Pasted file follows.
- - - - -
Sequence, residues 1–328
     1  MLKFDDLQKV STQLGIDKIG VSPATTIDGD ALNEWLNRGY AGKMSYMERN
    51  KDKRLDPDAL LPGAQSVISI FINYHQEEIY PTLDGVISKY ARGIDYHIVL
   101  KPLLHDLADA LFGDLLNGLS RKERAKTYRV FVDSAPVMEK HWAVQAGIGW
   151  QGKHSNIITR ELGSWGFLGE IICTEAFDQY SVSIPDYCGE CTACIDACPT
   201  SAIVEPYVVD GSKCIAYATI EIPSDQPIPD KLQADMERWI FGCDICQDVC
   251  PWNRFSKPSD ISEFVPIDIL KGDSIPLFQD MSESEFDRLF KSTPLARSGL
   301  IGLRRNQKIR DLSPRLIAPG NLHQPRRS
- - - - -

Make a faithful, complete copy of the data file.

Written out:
Sequence, residues 1–328
     1  MLKFDDLQKV STQLGIDKIG VSPATTIDGD ALNEWLNRGY AGKMSYMERN
    51  KDKRLDPDAL LPGAQSVISI FINYHQEEIY PTLDGVISKY ARGIDYHIVL
   101  KPLLHDLADA LFGDLLNGLS RKERAKTYRV FVDSAPVMEK HWAVQAGIGW
   151  QGKHSNIITR ELGSWGFLGE IICTEAFDQY SVSIPDYCGE CTACIDACPT
   201  SAIVEPYVVD GSKCIAYATI EIPSDQPIPD KLQADMERWI FGCDICQDVC
   251  PWNRFSKPSD ISEFVPIDIL KGDSIPLFQD MSESEFDRLF KSTPLARSGL
   301  IGLRRNQKIR DLSPRLIAPG NLHQPRRS